lose its ability to function
risks associated with sleep deprivation
impaired concentration, fatigue and subsequent death, greater vulnerability, depressed immune system, emotional irritability
Coren (1996)
examined the relationship between daylight savings time and traffice accidents.
-accidents increased after spring change due to loss of 1 hr of sleep
-decreased after fall due to gaining 1 hr of sleep

Reasons we sleep:
controlled by internal "biological clocks", synchronized by the environment, light is particularly important, includes 4 cycles.
4 biological rhythms
1)Annual cycles (seasonal variation in appetite, sleep, and mood)
2) 28 day cycle (average length of female menstrual cycle)
3) 24 hour cycle (24 hour cycle of varying alertness, body temp, and growth hormone secretions, sleep and wakefulness
4) 90-minute cycles (varying stages of sleep repeat in 90 minute cycles)


How do we study sleep?
EEG recordings, reveal changes in brain activity
Alert and Awake stage
brain produces low amplitude, fast (high frequency) irregular beta waves (15-30 cycles per second)
Awake but relaxed stage
brain activity slows to large amplitude, slow, regular alpha waves (9-14 cycles per second)
example of an activity that would exhibit alpha waves
a meditating person
Alpha waves can be brought on by...
watching tv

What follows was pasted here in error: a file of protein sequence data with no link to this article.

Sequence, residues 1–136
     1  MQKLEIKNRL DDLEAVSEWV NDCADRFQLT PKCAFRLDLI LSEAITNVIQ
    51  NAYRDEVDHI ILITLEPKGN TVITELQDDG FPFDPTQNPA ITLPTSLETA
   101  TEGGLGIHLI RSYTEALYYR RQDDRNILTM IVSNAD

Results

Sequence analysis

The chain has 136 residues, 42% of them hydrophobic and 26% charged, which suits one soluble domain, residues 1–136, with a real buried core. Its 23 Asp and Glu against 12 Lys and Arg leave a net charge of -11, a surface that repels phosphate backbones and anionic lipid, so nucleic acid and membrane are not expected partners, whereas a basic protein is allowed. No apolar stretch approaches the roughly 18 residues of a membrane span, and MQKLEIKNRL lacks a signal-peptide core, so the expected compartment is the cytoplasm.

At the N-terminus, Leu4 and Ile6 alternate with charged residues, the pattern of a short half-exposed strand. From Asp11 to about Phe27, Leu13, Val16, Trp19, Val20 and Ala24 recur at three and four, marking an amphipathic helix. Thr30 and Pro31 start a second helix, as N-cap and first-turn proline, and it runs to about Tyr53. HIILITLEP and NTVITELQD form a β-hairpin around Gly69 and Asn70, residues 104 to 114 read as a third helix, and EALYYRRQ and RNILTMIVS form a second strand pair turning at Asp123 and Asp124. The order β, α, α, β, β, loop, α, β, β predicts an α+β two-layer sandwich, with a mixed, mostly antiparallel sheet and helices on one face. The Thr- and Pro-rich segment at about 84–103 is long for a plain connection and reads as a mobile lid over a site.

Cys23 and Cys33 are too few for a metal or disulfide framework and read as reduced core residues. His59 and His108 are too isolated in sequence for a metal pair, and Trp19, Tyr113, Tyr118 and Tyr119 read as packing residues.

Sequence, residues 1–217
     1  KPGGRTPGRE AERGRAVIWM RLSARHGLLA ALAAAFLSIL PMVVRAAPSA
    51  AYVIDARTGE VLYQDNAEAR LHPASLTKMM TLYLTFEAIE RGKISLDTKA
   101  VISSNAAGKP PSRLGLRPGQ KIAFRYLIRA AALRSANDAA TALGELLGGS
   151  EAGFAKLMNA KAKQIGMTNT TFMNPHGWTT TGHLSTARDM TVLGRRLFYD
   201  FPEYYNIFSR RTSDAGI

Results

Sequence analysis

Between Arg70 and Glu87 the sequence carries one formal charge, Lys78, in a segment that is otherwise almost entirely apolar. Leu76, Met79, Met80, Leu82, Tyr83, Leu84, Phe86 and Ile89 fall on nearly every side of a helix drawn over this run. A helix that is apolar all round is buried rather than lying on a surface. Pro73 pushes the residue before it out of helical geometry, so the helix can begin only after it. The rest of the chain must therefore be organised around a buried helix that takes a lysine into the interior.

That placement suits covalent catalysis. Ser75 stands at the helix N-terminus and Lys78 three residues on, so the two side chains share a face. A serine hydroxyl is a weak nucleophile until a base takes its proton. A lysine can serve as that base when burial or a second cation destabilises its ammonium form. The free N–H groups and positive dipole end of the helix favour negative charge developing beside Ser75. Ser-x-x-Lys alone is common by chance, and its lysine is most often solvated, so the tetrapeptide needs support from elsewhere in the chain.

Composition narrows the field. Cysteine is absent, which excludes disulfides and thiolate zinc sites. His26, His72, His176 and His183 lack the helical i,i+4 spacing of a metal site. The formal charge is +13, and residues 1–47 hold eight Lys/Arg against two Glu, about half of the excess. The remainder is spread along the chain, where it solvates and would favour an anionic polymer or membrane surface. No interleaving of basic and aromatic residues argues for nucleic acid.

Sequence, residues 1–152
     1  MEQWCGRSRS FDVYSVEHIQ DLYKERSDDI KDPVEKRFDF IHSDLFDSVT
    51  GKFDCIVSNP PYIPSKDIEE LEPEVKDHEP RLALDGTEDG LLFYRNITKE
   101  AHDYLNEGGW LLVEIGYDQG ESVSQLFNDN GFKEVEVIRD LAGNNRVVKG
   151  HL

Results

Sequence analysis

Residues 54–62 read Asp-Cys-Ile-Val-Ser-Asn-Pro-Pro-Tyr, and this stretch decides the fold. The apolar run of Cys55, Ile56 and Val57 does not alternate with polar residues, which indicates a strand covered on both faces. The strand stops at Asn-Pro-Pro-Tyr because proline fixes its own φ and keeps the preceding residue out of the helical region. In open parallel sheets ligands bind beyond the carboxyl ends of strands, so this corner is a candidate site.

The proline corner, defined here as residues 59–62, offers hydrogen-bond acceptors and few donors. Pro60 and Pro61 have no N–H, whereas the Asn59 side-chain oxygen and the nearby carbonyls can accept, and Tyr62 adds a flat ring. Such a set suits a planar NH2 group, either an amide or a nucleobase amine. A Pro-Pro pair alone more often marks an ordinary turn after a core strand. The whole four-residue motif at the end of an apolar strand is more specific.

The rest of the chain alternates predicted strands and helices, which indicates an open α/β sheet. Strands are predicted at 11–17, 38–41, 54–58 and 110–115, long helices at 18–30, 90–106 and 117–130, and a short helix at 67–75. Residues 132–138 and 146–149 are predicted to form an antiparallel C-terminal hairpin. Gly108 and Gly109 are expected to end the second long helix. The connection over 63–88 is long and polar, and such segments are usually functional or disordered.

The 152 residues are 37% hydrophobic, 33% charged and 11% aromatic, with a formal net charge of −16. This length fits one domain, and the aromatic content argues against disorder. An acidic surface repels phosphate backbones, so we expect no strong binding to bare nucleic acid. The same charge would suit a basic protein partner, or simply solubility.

sleep stages 1 and 2
early, light sleep, the brain exhibits a high-amplitude low frequency wavelength (theta waves, 5-8 cps)
daydreaming exhibits what wave?
theta waves
sleep stage 2
theta waves have some K complexes and sleep spindles mixed in, reacts to some stimuli (loud noises), but isnt consciously aware of them
sleep stages 3-4
during deepest sleep, brain activity slows down. Large amp, slow delta waves, 1.5-4 cps. Often hard to wake
Sleep stage 5
REM sleep, sleep cycle begins to return to sleep stage 1, brain exhibits low amp, fast, regular beta waves (15-40 cps).
REM
rapid eye movement-a person in stage 5 sleep will move their eyes around rapidly
progression of 90 minute sleep cycles throughout the night
the duration of stage 4 sleep decreases and the duration of stage 5 (REM) increases as the cycles continue
REM rebound
when deprived of REM sleep and then allowed to sleep, we experience greatly increased amounts of REM sleep
The sleep cycle
cycle through stages, in order, 45 times a night. About 90 minutes per cycle, time in each stage varies, REM dominates late cycles, especially right before we wake.
Best way to nap
20-30 minutes, because then sleep takes place only during stage 1 and 2. Waking up during any other stage is difficult and leaves you feeling disoriented
1-800-get-help or 1-800-com-cast are example of?
how to increase short term memory capacity by using words rather than digits
Working memory contains
central executive and 2 subsystems (visual spatial sketch pad and phonological loop)
Central executive
select strategies, integrates information, and directs the flow of information, transfers information into long term memory, coordinates info between 2 subsystems
Phonological Loop